Estonia: A Destination of Culture

Estonia quite rightly can be viewed as a cultural destination.

Culture & History

Set within the Gulf of Finland, in the heart of the Baltic region, Estonia connects the cultural dots between Scandinavia, Central and Eastern Europe. Estonia’s UNESCO world heritage capital Tallinn has one of the best-preserved medieval cities in northern Europe. However, the capital is also a modern and vibrant cultural hub, with extensive options for galleries, dining, and shopping.

Telliskivi Creative City is a former industrial complex near the Balti Jaam train station. The factory buildings have been regenerated and it is now the largest creative centre in Estonia, popular with locals and tourists alike. Famous for its array of vibrant, and often thought-provoking, street art, Telliskivi offers a bohemian area to shop, work, dine and socialise.

Estonia’s second city, Tartu, will be the European Capital of Culture in 2024 and is home to one of the most tilted buildings in Europe, the Tartu Leaning House. Now part of the Tartu Art Museum, it leans at a greater angle than the Leaning Tower of Pisa. Whilst marvelling at the sloping building, visitors can explore rest of the art museum, which is the largest in southern Estonia and houses a diverse collection of post 18th-century Estonian and foreign works.

Tallinn, Estonia

The city is home to one of northern Europe’s oldest universities and has a wealth of museums including the Estonian National Museum. Tartu is a hotbed for creative and scientific culture, and offers a vast array of theatrical performances, concerts and festivals throughout the year.

Estonia has 2,222 islands and 3,800km of coastline. Three-quarters of the country is covered with forests and marshland. This geological makeup and culture have helped shape its culinary scene, which is why in May this year, Michelin unveiled its first Estonia guide, recognising 31 restaurants and awarding two restaurants a Michelin star. The taste for diversity, artisan products and local, seasonal ingredients also exert a distinct influence on the Estonian cuisine and its ambitious young chefs.

Estonia is well known for its sauna culture and many residents have their own private saunas at home. Records of Estonian saunas date back to the 13th century and Southern Estonian smoke sauna tradition is considered so culturally significant, that it is listed by UNESCO as an Intangible Cultural Heritage of Humanity.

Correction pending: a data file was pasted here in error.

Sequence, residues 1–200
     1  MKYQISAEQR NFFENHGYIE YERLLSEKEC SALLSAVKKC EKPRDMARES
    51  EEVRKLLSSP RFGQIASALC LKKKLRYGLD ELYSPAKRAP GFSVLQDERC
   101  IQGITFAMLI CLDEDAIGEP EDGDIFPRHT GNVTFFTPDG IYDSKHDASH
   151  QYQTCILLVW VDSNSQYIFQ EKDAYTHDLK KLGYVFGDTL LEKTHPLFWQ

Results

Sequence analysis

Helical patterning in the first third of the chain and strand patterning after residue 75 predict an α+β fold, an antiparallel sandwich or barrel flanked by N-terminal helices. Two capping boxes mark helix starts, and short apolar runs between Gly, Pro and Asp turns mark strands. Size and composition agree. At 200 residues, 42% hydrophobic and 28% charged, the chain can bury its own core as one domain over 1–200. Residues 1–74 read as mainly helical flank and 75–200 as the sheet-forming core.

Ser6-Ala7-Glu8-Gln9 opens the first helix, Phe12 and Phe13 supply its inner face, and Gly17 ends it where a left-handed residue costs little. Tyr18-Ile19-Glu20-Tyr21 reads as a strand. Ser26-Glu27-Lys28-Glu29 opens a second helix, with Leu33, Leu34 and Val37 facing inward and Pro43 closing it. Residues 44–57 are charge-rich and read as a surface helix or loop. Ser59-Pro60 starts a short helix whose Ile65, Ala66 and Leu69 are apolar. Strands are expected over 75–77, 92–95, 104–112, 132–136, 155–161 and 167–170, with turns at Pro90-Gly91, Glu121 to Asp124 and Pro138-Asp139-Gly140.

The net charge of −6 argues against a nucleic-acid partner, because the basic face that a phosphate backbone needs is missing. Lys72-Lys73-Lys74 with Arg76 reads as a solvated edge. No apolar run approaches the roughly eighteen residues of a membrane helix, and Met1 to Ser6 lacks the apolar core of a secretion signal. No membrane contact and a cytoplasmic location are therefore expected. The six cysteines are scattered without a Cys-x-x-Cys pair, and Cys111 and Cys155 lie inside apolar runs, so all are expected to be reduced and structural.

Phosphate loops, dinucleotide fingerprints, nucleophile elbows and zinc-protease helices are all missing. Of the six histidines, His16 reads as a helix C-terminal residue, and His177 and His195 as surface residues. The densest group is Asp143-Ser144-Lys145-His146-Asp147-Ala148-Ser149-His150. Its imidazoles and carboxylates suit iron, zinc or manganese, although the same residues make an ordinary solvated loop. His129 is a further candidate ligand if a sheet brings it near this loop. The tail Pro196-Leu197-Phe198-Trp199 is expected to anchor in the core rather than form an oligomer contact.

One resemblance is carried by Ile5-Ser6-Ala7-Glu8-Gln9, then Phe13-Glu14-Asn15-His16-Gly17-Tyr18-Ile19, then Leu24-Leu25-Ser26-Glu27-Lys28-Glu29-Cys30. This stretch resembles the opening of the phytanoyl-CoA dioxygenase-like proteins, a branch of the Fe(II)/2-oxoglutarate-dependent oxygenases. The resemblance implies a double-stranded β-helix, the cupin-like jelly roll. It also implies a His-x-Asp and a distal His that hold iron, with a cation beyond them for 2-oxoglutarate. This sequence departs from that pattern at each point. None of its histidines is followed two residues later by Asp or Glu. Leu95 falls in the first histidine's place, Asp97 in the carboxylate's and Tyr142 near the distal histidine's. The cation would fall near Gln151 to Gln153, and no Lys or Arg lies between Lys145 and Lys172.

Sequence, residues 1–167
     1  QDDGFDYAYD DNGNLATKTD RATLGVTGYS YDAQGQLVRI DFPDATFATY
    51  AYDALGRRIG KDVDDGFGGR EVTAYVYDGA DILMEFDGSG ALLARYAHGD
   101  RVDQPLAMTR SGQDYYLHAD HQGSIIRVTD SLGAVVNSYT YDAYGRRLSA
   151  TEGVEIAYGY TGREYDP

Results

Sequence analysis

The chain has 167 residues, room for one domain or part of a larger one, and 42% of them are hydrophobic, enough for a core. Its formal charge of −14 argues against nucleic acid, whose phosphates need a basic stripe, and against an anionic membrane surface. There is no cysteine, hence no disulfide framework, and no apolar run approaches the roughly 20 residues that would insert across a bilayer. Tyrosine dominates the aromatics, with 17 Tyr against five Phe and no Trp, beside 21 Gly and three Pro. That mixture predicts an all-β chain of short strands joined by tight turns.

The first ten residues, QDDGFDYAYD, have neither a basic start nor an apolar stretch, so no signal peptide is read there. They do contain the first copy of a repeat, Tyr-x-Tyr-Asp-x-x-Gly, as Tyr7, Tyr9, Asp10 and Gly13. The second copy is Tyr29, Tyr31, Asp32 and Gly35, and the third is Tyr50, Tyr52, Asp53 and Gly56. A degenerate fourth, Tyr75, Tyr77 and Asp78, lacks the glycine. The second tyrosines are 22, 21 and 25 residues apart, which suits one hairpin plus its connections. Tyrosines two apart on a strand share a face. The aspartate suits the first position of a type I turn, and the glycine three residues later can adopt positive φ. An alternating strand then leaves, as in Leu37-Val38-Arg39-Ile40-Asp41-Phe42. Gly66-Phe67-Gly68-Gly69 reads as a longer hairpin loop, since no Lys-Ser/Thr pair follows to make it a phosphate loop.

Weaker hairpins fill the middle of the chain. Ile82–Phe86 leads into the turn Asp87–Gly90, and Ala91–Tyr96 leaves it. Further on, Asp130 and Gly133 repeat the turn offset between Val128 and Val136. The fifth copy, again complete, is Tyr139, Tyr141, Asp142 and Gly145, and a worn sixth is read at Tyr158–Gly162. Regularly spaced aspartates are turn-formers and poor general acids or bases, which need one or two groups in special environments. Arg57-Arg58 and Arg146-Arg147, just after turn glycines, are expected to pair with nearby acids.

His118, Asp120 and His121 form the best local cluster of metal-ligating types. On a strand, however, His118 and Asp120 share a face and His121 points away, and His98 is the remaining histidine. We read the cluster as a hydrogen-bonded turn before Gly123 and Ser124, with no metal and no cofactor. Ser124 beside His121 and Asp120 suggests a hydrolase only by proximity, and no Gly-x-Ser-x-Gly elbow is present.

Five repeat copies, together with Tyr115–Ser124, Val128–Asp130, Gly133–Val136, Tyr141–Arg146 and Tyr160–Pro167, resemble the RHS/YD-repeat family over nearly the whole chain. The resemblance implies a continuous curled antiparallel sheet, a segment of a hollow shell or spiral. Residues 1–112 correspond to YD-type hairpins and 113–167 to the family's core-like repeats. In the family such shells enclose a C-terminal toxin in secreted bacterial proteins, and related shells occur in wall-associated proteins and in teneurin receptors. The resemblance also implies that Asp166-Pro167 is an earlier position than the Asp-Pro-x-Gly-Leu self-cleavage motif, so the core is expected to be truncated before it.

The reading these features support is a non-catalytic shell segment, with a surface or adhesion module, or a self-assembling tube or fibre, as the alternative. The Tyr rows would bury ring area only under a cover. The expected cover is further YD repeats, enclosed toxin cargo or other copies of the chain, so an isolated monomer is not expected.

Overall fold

Kuressaare, a long-standing resort town on the island of Saarema, has the highest number of spas per capita in the world and with its moderate climate, the island hosts a variety of flora and fauna for nature enthusiasts to explore. The island also hosts the Saaremaa Opera Days, the most popular opera festival in the Baltics. Over the years, the Saaremaa Opera Days has hosted well-known theatres, including the Moscow Helikon Opera, the Black American Opera from Broadway, the Hungarian National Opera and the Shanghai Opera House.

The south-eastern border of Estonia is home to the ancient Seto culture, found in the region of Setomaa. For their geographical location, religion, and roots, Seto culture is often viewed as existing on the border of two worlds. Setos have kept close ties to their traditional roots throughout history and boast their own unique lifestyle including their own language and clothing customs. Setos are also well known for their ancient polyphonic singing tradition that is kept alive by older and younger generations alike.

estonia music

Estonia’s strong musical heritage also produced world-famous composer, Arvo Pärt. Music has always played an important role in cultural identity for Estonians, and in recent years, Pärt has returned to his roots to nurture musical traditions in his home country. Arvo Pärt’s journey to international acclaim began in Estonia and continues today as one of the most performed living composers in the world.

In 2010, Arvo Pärt and his family founded the Arvo Pärt Centre with “the aim of creating opportunities for preserving and researching the creative heritage of the composer in his native land, Estonia, and in the context of the Estonian language”. The centre opened its doors to visit in 2018 in the village of Laulasmaa, located next to the sea and about 35 kilometres from Tallinn. The building blends into the pine-forested hillside around and holds an archive of all Pärt’s works.

For further information on Visit Estonia:

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Travel Begins at 40

Travel Begins at 40 Editor

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